How scary is the “double whammy” of higher inflation and higher borrowing costs? Businesses have never been more pessimistic about the near-term future.
Companies may be taking their cues from consumers. In particular, people are unlikely to spend on things like appliances, tools, computers, televisions or cars/trucks.
It is difficult to spend freely when so much of the household budget goes toward gasoline, food, electricity, and other utilities. Inflation for these “essentials” is as ugly as it was back in the late 1970s.
One way for a government to bring inflation back down? Its central bank can manipulate interest rates higher.
Unfortunately, quickly shifting from an easy borrowing environment to a restrictive one usually leads to recession.
Worse yet, central bank policy markers at the Federal Reserve have rarely expressed so little confidence. Will their actions succeed in moderating inflation without causing employers to lay off millions of workers?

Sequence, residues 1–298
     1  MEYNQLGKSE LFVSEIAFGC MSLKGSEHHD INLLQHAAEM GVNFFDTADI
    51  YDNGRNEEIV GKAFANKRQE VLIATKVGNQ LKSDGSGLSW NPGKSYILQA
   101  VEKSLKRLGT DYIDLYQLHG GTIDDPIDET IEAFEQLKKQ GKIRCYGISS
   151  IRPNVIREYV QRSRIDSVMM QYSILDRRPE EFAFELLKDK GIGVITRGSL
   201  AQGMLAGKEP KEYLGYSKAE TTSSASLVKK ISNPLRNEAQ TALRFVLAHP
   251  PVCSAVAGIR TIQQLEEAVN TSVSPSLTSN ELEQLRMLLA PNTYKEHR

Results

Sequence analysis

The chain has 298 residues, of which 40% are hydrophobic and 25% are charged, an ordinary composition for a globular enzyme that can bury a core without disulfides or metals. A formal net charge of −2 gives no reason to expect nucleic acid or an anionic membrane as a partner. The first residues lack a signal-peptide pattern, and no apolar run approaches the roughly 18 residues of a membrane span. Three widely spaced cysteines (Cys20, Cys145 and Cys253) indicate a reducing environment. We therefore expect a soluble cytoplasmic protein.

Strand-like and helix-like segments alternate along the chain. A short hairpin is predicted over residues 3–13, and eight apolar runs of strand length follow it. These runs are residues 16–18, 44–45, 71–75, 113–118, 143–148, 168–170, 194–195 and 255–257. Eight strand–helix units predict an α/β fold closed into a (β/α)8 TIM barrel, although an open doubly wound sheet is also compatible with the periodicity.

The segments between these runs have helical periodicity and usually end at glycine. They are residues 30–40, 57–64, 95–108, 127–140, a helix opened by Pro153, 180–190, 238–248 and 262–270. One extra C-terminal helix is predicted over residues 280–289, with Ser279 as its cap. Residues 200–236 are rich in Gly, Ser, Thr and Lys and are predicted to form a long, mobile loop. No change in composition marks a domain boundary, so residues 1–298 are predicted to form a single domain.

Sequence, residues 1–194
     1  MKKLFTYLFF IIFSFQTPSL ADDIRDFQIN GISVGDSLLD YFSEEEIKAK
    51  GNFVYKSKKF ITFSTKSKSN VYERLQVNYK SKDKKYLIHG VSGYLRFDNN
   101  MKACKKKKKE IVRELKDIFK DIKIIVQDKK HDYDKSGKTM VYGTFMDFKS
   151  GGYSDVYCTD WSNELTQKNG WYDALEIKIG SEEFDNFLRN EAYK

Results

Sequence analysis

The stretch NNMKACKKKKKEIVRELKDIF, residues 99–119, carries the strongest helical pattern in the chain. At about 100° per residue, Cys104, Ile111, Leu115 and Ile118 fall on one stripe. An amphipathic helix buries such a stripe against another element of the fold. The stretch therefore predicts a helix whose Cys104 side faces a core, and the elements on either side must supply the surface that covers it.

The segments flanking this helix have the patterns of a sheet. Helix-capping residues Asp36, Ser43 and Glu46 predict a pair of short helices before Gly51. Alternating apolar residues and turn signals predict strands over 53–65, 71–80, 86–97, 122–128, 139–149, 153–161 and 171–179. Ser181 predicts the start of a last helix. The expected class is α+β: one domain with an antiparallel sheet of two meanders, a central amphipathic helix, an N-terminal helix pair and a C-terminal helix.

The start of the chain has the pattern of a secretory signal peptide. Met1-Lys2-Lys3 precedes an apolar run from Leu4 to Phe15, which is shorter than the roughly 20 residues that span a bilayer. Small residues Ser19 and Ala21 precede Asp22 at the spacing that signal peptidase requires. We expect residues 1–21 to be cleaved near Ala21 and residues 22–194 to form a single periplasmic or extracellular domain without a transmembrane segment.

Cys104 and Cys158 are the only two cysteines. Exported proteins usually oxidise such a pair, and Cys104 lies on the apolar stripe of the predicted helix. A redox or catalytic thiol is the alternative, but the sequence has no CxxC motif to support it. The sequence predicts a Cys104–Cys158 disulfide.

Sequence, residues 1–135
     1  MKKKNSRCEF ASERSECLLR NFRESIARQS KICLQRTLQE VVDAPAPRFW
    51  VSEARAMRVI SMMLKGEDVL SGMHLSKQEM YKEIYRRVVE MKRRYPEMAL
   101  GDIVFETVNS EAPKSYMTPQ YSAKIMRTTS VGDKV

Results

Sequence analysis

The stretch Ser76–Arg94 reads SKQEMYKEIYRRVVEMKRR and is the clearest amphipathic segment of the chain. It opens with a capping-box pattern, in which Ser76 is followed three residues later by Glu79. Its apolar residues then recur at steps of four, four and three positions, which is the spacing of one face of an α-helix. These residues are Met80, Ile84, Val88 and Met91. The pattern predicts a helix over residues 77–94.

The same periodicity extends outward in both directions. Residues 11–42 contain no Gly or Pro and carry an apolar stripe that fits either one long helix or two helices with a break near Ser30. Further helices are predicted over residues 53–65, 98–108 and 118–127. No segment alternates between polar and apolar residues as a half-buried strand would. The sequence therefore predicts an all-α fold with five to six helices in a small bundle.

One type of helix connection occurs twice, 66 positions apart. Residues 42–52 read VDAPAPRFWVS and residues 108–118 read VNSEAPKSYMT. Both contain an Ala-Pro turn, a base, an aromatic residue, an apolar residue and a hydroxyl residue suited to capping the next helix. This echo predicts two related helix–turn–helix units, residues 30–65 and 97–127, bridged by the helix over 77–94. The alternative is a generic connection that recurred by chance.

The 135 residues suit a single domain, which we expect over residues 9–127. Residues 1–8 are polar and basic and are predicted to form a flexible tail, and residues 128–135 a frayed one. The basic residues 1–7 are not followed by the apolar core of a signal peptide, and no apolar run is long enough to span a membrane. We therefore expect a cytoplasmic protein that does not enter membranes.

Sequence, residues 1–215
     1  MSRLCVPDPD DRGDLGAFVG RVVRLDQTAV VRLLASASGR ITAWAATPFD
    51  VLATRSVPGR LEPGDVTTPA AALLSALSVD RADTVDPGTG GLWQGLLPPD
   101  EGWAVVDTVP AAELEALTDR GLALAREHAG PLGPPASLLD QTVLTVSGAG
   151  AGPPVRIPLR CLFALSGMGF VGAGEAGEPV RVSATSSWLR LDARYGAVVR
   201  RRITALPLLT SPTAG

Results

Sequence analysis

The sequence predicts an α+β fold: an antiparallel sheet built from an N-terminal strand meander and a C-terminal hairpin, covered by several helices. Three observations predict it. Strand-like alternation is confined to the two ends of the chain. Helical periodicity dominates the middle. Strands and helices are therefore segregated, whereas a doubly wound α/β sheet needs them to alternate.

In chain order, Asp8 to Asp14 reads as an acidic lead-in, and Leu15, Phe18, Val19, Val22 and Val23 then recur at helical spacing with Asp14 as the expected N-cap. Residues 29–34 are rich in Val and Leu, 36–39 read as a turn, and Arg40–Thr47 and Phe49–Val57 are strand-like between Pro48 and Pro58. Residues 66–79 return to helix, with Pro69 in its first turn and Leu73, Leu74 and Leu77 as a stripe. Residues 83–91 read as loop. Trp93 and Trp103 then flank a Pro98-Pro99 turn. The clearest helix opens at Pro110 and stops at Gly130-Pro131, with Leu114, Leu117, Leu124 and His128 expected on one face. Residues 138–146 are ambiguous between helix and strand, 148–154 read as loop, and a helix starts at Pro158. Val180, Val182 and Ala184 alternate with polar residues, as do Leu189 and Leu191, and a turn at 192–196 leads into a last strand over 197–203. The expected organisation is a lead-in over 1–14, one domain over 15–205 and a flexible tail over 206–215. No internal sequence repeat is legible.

The stock market has already plummeted from bubbly heights, reflecting the challenging business environment as well as the Fed’s uncertainty. Some even wonder if the S&P 500 falling 20%-plus into a stock bear means that the worst is behind us.
Probably not. Cyclically-adjusted 10-year PEs are still quite high.
In a similar vein, market-cap-to-GDP (a.k.a. the Warren Buffett Indicator) shows that stocks remain exceptionally overvalued. Stock prices might need to fall 40%-50% from top to bottom before valuations return to their long-term trend.